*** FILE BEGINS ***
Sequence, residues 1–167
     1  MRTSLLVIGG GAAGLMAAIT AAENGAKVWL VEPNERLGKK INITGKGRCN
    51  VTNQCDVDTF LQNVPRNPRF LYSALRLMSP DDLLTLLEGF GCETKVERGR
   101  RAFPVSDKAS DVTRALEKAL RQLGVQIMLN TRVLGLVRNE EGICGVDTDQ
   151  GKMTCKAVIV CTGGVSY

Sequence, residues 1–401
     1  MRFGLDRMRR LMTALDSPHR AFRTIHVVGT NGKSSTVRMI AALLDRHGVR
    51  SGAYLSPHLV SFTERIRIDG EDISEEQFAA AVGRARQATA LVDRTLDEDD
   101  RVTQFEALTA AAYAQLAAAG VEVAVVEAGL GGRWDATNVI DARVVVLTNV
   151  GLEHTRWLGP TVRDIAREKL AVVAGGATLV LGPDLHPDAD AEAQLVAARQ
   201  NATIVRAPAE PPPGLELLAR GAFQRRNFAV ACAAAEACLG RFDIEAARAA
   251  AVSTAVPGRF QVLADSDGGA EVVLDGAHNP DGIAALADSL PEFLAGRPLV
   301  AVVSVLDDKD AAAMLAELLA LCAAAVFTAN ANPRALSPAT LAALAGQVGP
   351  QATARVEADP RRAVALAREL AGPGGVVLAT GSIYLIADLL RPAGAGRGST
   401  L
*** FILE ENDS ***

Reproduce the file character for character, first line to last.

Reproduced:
Sequence, residues 1–167
     1  MRTSLLVIGG GAAGLMAAIT AAENGAKVWL VEPNERLGKK INITGKGRCN
    51  VTNQCDVDTF LQNVPRNPRF LYSALRLMSP DDLLTLLEGF GCETKVERGR
   101  RAFPVSDKAS DVTRALEKAL RQLGVQIMLN TRVLGLVRNE EGICGVDTDQ
   151  GKMTCKAVIV CTGGVSY

Sequence, residues 1–401
     1  MRFGLDRMRR LMTALDSPHR AFRTIHVVGT NGKSSTVRMI AALLDRHGVR
    51  SGAYLSPHLV SFTERIRIDG EDISEEQFAA AVGRARQATA LVDRTLDEDD
   101  RVTQFEALTA AAYAQLAAAG VEVAVVEAGL GGRWDATNVI DARVVVLTNV
   151  GLEHTRWLGP TVRDIAREKL AVVAGGATLV LGPDLHPDAD AEAQLVAARQ
   201  NATIVRAPAE PPPGLELLAR GAFQRRNFAV ACAAAEACLG RFDIEAARAA
   251  AVSTAVPGRF QVLADSDGGA EVVLDGAHNP DGIAALADSL PEFLAGRPLV
   301  AVVSVLDDKD AAAMLAELLA LCAAAVFTAN ANPRALSPAT LAALAGQVGP
   351  QATARVEADP RRAVALAREL AGPGGVVLAT GSIYLIADLL RPAGAGRGST
   401  L